Kagan makes another dubious claim in his essay on hegemony:
Any nation’s foreign policy is bound to fail more often than it succeeds.
Unless one chooses to define “failure” very broadly, that’s almost certainly not true. An extremely ambitious foreign policy that seeks to “shape” events on the other side of the world is bound to fail on its own terms more often than it succeeds, but that is because it sets goals that are either unrealistic or far too expensive to have sustained political support at home. The more modest and restrained a foreign policy is, and the more narrowly that it defines a country’s interests, the more likely it will be to reach its much more limited goals. In addition to its other advantages, being a “normal” country involves setting goals that can be achieved and being able to have sustained public support for pursuing them. If one sets the bar as high as “world order maintenance,” every minor crisis or conflict anywhere is taken as proof that the U.S. is “failing” in its role. It would be more accurate if we rephrased Kagan’s statement this way: “Any nation’s hubristic and overreaching foreign policy is bound to fail more often than it succeeds.” For that matter, when a hubristic foreign policy fails as it so often will, it tends to do so in large, spectacular, and destabilizing ways.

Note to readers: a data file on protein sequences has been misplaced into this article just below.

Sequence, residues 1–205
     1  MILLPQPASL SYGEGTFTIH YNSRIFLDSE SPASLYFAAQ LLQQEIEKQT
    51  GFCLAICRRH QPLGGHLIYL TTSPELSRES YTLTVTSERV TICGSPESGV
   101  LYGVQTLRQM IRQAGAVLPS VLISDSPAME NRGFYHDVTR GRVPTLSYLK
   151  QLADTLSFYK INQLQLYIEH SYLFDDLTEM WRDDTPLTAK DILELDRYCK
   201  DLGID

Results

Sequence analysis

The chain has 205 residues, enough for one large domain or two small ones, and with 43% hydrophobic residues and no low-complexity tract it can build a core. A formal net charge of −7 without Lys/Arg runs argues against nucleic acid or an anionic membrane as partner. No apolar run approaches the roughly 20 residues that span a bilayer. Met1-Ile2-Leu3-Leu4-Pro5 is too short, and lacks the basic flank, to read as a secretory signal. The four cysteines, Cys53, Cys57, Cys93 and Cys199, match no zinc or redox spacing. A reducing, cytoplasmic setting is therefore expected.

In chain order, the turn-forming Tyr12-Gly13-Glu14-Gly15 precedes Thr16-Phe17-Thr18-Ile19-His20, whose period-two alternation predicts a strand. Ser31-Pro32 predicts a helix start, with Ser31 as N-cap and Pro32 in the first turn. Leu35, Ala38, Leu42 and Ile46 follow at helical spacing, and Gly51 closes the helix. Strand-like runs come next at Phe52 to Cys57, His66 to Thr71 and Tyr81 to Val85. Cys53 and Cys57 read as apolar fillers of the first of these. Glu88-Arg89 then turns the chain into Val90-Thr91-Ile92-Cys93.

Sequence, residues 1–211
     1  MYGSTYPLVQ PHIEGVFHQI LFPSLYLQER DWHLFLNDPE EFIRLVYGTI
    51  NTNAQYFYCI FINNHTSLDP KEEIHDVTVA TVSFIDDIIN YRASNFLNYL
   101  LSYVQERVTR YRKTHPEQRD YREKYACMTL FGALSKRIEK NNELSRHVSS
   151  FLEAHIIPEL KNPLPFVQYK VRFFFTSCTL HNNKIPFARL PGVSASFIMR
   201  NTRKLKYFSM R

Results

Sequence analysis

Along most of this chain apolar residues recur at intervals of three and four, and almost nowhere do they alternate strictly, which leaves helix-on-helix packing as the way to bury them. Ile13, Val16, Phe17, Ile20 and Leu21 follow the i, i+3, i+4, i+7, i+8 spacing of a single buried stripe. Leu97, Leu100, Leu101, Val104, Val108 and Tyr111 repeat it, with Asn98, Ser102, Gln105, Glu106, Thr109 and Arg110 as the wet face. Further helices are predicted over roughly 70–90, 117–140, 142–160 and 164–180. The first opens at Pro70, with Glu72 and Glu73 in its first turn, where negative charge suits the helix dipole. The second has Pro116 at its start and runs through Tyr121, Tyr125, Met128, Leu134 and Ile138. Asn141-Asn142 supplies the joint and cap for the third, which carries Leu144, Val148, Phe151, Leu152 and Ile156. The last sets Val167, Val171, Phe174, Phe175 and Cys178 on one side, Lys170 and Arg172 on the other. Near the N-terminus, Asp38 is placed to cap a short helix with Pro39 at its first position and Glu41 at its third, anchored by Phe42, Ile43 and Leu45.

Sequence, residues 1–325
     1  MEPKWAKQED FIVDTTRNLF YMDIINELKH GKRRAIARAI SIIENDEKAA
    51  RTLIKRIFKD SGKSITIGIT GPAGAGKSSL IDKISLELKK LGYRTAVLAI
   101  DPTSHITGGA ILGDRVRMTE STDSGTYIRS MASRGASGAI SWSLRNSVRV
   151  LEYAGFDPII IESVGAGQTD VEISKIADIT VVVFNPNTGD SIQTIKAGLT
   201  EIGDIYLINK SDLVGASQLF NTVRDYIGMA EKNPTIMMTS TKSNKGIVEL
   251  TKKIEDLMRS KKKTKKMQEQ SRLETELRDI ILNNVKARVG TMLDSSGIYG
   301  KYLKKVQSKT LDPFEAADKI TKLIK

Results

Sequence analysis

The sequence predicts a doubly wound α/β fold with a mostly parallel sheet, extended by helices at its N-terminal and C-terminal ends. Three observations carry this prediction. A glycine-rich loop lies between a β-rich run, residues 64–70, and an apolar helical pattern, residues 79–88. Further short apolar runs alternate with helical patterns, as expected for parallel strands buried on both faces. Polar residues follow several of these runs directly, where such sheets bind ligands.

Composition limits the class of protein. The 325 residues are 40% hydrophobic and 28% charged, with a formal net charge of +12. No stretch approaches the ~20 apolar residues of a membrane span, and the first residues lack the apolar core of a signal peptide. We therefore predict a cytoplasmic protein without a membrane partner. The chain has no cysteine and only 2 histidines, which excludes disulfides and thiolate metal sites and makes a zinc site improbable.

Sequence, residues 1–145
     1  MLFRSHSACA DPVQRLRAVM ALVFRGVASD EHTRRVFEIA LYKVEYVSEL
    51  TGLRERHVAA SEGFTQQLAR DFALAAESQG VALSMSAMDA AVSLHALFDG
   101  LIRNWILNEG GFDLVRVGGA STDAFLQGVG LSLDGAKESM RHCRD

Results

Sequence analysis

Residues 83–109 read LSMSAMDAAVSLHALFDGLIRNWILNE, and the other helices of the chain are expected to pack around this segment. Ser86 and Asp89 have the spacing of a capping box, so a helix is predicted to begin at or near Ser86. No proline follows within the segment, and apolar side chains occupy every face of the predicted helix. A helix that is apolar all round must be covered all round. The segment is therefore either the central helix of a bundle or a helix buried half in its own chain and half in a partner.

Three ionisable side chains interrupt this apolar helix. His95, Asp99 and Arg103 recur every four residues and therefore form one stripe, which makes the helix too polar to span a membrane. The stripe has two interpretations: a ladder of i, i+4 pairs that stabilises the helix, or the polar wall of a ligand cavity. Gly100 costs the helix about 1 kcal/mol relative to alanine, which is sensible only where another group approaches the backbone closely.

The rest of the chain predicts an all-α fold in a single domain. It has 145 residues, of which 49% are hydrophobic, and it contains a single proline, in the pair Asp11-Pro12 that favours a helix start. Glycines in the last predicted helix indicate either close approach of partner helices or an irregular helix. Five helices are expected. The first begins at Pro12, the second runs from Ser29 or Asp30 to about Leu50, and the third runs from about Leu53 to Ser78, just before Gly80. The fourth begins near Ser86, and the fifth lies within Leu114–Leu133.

To influence other peoples and other nations without simply annihilating them is the most difficult of all human tasks.
If all that the U.S. were trying to do was “influence other peoples and other nations,” it would probably be more successful than it is, but the special role that Kagan believes the U.S. must play goes far beyond the exercise of influence. That role leads the U.S. to interfere in one crisis after another, to attempt to dictate political outcomes in internal disputes, to destabilize and overthrow foreign governments, to justify military action against states that do not threaten us, and to embark on long-term projects of creating and then propping up new governments to replace the ones that have been deposed. If merely influencing other nations is as difficult as Kagan says, this far more ambitious agenda is surely doomed to fail.